City boots refuse removal contractor

| Barbara Maregele
Residents of Khayelitsha Site B, Wilson Meleni, Babalwa Ndesana, Nothembeko Mapasa and Julia Jarha, remove the last bits of rubbish after the City’s waste management team cleared the containers. Photo by Barbara Maregele.

The removal of waste at informal settlements across Cape Town will soon be conducted by new contractors.

This follows the City of Cape Town’s decision not to renew their contract with Tedcore, the waste management company contracted by the City to service informal settlements city-wide since 2009.

Since the termination of the contract at the end of April, the City’s waste removal truck has in the interim been deployed to the different areas.

While the City did not confirm the reasons for their decision, the undertaking follows the social audit done in Khayelitsha by the Social Justice Coalition in October last year which highlighted serious problems with the performance of the refuse contractors.

The City’s Mayco member for Utility Services, Ernest Sonnenberg, said they were in the period between the conclusion of their contract with Tedcore and the employment of new contractors. “The new contract was awarded in accordance with the tender specifications. The new contractor has been given an opportunity to purchase their vehicles,” he said.

Sonnenberg said the refuse storage areas would still be cleaned at least twice a week as previously required.

Tedcore’s Western Cape general manager, Rudie Barnard said it was not yet clear why their contract had not been renewed.

“We had a three-year contract with the City which started in 2009 and after it expired, they extended it on a month to month basis. Last month, we were notified of our unsuccessful bid, but we still haven’t been told why we were unsuccessful,” he said.

Barnard said the company first started working at informal settlements around the City in 1997.

“We provided the services twice a week and in certain areas where there are no containers, dirt was removed three times a week. We had a lot of challenges along the way, so we have no idea what the new contractor’s plans will be.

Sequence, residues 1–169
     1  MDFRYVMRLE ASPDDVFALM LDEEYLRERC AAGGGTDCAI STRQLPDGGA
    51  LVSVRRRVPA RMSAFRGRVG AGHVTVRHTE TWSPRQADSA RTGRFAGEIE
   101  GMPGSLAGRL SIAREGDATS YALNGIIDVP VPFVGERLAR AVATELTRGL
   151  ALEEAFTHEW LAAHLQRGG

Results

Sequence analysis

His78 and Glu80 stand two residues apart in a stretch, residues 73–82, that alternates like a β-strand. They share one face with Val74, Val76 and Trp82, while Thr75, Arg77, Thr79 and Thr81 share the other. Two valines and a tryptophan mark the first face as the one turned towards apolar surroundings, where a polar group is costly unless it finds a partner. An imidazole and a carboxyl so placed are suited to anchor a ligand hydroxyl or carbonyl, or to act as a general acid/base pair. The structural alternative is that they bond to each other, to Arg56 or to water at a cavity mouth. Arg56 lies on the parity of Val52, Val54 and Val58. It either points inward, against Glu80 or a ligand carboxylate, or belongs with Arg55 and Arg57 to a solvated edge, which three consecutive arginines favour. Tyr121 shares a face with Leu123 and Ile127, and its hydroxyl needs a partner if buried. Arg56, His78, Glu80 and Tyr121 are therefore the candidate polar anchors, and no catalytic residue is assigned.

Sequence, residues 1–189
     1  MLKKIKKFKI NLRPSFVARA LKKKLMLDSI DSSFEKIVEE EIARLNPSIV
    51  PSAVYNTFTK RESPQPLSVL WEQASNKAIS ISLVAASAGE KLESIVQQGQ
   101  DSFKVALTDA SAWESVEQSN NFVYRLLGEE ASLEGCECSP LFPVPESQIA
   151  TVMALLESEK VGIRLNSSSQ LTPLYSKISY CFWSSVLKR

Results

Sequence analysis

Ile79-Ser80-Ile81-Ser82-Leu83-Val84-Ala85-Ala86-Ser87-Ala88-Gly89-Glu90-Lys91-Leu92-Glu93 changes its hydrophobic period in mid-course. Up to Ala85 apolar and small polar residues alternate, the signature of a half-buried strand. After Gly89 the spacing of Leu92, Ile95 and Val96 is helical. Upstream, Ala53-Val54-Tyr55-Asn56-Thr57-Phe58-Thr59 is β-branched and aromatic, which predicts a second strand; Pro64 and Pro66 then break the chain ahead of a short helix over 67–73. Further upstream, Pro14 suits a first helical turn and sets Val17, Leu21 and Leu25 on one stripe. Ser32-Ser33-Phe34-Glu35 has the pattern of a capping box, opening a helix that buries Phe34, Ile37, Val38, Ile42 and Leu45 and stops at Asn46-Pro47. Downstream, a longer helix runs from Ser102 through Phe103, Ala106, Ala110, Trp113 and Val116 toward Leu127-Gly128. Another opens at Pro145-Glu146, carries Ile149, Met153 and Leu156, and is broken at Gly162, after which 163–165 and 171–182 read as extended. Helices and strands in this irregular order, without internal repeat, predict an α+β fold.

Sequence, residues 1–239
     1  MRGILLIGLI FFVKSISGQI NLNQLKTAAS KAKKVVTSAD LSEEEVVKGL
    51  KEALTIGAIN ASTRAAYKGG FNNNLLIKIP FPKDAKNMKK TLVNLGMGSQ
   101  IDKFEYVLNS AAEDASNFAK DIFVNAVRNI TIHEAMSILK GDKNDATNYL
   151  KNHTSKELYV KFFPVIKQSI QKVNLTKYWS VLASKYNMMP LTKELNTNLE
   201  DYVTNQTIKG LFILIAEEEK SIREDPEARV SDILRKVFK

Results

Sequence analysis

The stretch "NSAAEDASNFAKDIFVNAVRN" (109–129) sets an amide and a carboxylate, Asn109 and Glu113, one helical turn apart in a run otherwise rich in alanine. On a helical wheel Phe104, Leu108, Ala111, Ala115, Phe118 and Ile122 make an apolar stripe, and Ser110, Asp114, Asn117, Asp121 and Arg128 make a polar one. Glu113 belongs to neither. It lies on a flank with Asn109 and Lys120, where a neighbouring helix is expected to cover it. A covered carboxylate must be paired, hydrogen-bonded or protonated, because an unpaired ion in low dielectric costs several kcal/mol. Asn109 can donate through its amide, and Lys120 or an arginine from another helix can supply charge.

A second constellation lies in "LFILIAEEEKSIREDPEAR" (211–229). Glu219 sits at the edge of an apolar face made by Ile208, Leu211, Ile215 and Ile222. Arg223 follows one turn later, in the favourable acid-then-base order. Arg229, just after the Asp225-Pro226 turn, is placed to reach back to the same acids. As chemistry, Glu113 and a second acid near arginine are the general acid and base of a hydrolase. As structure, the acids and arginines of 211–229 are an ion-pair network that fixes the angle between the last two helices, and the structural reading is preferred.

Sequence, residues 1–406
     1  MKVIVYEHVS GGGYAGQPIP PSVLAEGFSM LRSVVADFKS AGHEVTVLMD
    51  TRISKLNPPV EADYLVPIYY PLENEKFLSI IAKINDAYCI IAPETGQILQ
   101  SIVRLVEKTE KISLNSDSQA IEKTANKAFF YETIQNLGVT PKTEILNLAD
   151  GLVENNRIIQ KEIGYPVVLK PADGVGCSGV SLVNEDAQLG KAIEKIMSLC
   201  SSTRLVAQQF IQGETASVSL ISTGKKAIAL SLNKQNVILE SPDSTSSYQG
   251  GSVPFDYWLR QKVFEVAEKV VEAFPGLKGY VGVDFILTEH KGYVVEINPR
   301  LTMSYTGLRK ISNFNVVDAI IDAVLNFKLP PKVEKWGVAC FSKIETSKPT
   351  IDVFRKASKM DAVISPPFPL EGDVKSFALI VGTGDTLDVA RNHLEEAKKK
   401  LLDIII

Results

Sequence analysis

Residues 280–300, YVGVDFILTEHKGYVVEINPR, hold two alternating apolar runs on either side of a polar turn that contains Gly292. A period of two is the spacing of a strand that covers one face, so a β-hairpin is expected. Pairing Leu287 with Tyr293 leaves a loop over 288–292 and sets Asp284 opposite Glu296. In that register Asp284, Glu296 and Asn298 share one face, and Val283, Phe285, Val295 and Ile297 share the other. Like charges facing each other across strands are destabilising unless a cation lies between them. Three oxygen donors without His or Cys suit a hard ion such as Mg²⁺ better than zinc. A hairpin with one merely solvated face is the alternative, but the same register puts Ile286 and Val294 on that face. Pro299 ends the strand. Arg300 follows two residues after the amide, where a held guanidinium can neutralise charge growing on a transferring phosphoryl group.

When GroundUp visited Site B in Khayelitsha yesterday afternoon, all of the green shipping containers placed along the road to store plastic dirt bags used by the community, were empty. Resident, Babalwa Ndesana, said she welcomed the City decision as many people were unhappy with the previous contractor’s services.

“Since the (City’s) green waste truck has been here, the dirt was collected regularly. Before, the containers would stand full for weeks. There is nowhere for children to play here in Site B, so they play around this dirt and get sick. Weekends were our biggest problems because the containers would be overflowing. This weekend the new truck came to clean so we didn’t have a problem,” she said.

Ndesana said her only concern was that the new contractors would not continue the standard of services given by the City’s current waste management teams.

The Social Justice Coalition’s Dustin Kramer said the introduction of a new contractor did not guarantee the improvement of services.

“The main problem with having private contractors is that the City has still doesn’t have a way to them. Failure to collect refuse has so many consequences for the people living in informal settlements. There are so many health risks as well as environmental concerns,” he said.

TOPICS:  Government Sanitation Society

Next:  Myths about the election

Previous:  Angy Peter trial: Police head says “stupid mistakes” made

© 2016 GroundUp. Creative Commons License
This article is licensed under a Creative Commons Attribution-NoDerivatives 4.0 International License.